This was first published by RPC in November 2023.There is no shortage of stories concerning companies mishandling their promises and responsibilities in relation to tackling climate change. One of the key issues is "greenwashing", which is when a business makes a claim about its environmental efforts without merit. Last year RPC published a blog outlining practical steps businesses can take to prevent greenwashing. In this blog, we summarise the key takeaways from the CGI's report on tackling greenwashing from a corporate governance perspective.
The report illustrates how greenwashing can be seen as a corporate governance issue, and not simply a marketing or public relations one. What's more, regulation in this space is now under constant development, and there is a growing expectation that corporate governance professionals need to have a thorough grasp of the regulatory landscape and possible repercussions associated with greenwashing.
Greenwashing as a corporate governance and board issue
Good corporate governance now includes ensuring that your board is adequately trained and prepared to identify and address possible greenwashing within your organisation. In support of this, the CGI's report states that "organisation-level governance factors have been demonstrated to be more important for the avoidance of greenwashing than country factors (such as public scrutiny)". The CGI's report set out three principles for action to assist in avoiding a disconnect between an organisation's sustainability messaging and its actions:
- Produce high-quality, transparent disclosures: If you are required to make disclosures, make sure that you use reputable reporting frameworks and ensure that your targets are science-based. Perform a materiality analysis and select relevant and specific metrics for your key performance indicators (KPIs). Be transparent in your claims and disclosures and avoid vague claims or claims that solely focus on the good without recognising the challenges faced by your organisation in addressing relevant environmental issues.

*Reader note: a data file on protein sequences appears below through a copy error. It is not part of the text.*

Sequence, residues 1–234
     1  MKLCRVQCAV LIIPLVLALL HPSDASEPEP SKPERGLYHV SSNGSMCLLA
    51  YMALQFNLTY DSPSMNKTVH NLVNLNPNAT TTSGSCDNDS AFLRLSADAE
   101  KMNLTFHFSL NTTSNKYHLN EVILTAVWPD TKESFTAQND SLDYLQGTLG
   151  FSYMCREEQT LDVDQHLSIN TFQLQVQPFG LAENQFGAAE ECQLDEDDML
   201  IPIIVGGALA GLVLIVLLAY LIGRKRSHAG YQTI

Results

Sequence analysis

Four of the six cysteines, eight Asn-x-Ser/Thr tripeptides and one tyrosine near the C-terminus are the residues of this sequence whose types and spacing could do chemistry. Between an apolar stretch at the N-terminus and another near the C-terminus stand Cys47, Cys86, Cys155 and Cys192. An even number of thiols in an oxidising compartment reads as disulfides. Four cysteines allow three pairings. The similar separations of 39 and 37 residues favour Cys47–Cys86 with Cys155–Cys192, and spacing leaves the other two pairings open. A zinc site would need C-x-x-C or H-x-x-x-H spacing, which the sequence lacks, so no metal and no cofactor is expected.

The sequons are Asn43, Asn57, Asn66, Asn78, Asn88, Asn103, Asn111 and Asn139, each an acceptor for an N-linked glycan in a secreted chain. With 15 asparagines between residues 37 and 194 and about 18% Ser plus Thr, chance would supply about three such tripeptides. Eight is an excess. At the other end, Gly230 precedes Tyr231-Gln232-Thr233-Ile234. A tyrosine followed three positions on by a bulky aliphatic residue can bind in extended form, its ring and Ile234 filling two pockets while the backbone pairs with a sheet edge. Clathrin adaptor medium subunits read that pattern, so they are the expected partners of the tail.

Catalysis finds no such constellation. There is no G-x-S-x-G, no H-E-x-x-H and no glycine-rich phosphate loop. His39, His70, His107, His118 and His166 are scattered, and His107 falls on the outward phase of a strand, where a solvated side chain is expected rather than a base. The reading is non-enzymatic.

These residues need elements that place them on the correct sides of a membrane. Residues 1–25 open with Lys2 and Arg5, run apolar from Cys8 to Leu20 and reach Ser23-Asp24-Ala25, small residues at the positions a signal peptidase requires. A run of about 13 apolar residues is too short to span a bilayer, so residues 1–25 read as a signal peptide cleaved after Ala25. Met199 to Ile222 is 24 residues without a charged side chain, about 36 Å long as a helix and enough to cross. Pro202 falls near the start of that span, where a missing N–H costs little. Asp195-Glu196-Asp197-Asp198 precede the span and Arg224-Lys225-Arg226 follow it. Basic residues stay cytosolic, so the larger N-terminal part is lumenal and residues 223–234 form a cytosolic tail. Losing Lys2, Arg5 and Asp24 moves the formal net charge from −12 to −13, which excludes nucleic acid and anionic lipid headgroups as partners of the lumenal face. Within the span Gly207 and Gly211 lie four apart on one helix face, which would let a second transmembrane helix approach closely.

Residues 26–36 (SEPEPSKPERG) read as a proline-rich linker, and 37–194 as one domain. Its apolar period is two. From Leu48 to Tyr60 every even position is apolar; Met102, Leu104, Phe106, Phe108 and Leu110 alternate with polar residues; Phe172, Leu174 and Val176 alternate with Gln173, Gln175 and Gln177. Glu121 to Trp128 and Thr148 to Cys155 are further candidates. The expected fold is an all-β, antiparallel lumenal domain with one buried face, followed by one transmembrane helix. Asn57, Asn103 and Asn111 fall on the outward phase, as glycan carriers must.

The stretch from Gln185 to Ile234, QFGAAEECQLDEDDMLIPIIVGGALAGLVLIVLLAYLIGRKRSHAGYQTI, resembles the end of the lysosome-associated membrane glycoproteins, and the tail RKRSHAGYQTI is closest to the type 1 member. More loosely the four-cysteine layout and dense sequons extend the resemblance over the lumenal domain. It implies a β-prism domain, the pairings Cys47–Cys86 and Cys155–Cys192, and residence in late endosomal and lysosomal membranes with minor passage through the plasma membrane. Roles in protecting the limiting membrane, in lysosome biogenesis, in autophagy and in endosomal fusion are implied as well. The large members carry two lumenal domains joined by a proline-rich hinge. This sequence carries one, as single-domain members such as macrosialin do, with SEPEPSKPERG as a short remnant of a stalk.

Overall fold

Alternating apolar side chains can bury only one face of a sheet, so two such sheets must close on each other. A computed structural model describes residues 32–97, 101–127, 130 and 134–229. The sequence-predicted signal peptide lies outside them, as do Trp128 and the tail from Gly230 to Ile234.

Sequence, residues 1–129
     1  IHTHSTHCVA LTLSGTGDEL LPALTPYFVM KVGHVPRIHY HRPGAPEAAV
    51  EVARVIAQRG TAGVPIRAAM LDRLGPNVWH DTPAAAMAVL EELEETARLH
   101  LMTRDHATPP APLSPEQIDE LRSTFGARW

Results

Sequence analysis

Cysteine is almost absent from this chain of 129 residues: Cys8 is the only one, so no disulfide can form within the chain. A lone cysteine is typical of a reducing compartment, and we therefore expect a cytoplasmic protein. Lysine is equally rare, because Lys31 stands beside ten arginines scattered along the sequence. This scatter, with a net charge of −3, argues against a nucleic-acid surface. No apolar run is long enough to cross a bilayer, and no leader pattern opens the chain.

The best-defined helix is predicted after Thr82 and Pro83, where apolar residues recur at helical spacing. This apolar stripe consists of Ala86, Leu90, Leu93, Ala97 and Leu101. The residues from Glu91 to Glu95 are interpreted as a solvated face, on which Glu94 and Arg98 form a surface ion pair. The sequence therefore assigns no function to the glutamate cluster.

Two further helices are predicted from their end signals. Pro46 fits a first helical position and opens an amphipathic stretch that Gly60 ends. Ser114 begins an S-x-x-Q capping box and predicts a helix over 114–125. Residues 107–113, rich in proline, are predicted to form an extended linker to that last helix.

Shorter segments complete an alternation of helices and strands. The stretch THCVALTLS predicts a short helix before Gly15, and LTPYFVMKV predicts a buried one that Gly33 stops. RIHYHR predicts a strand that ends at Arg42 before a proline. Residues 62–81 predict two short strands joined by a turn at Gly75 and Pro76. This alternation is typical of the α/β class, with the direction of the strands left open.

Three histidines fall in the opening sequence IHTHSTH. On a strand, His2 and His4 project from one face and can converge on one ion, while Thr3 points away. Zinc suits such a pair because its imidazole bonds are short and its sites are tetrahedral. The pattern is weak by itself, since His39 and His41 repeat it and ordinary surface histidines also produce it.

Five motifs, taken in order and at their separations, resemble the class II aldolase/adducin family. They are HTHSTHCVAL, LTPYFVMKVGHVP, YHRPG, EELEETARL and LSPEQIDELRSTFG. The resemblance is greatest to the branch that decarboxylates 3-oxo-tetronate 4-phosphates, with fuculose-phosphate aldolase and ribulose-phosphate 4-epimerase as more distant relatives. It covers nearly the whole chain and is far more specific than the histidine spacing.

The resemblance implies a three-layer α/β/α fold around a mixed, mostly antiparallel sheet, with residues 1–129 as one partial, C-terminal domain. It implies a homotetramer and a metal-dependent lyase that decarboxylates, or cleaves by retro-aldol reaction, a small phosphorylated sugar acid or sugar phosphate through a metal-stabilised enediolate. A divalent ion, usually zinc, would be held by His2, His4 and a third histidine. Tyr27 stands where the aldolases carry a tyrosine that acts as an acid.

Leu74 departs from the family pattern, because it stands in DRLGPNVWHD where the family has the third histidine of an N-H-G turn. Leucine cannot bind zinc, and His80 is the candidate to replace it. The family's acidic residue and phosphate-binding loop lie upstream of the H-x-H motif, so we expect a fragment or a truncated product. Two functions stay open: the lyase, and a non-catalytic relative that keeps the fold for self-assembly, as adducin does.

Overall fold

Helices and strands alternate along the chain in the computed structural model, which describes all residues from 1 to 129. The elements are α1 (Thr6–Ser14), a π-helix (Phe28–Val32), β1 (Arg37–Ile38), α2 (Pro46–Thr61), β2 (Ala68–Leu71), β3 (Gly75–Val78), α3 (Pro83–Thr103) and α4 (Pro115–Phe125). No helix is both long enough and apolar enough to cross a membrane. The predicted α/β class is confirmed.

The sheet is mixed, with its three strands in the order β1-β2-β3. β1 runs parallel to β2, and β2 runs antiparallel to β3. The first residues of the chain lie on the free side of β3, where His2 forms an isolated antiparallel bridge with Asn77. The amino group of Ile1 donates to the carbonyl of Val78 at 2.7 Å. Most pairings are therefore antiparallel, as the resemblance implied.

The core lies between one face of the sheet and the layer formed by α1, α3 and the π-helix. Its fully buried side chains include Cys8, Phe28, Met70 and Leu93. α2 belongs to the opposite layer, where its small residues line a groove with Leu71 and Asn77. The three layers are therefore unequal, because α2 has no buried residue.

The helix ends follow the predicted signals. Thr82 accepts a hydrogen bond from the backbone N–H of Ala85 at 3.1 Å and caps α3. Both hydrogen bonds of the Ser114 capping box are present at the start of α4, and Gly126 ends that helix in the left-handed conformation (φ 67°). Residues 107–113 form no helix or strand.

- Increase board capacity and guarantee robust oversight: Provide relevant training and resources for your board in relation to climate change and other environmental issues and put greenwashing on the agenda for your board and committee meetings (ensuring that relevant people in your organisation are involved so your organisation can get a full picture). If it is your responsibility to manage corporate governance within your organisation, make sure you clearly understand how to oversee and monitor environmental and other sustainability related claims. If your organisation's methods are not up to scratch, make plans to improve them. You may need to employ internal or external oversight procedures for your processes and procedures. Consider whether a specific committee should be established to monitor climate and sustainability issues.
- Implement change and create accountability: After careful consideration of where your environmental risks and responsibilities lie, your board should look to develop a climate strategy (if it hasn't already) for the short, medium and long-term. Strategy alone will not be sufficient: implementation of practices to assist in achieving these goals will demonstrate an intention to succeed, as well as bringing your organisation closer to achieving its climate goals. Publish regular reports on your organisation's progress (whether year on year, or against your peers).
For further guidance from CGI, see their full report here on tackling greenwashing from a corporate governance perspective.
Regulation of greenwashing
The consequences of greenwashing could be severe, particularly in the everchanging regulatory landscape. Whilst scrutiny from regulators in relation to environmental risks has been largely focussed on public companies and large private companies, it would be prudent for smaller private companies to ensure they are up to speed and compliant. Corporate governance professionals should therefore heed the advice of the CGI and seek to implement a broad range of strategies against greenwashing.
The regulatory landscape in respect of greenwashing is currently a patchwork, with no single body regulating sustainability claims. However, the CGI contends that further guidance, regulation and legislation preventing greenwashing will arise in future, with cohesion between jurisdictions being a focus in the compliance sector.
The key regulators for greenwashing in the UK are the Competition and Market Authority (CMA), the Advertising Standards Agency and the Financial Conduct Authority. Regulatory requirements to report against the UK Green Taxonomy are also expected to be introduced. Whilst the current view is that the cost of greenwashing appears to be largely reputational, further enforcement action as well as civil penalties appear to be on the horizon.
The CMA published its Green Claims Code in 2021, which assists businesses in ensuring their environmental claims are consistent with consumer protection legislation. The CGI report notes that the Digital Markets, Competition and Consumers Bill seeks to provide further enforcement muscle for the CMA. Most notably, the bill (which is currently at the report stage in the House of Commons) would allow for substantial penalties against those engaging in greenwashing practises which breach consumer protection law (such penalties not exceeding £300,000, or if higher, 10% of the annual turnover of the respondent).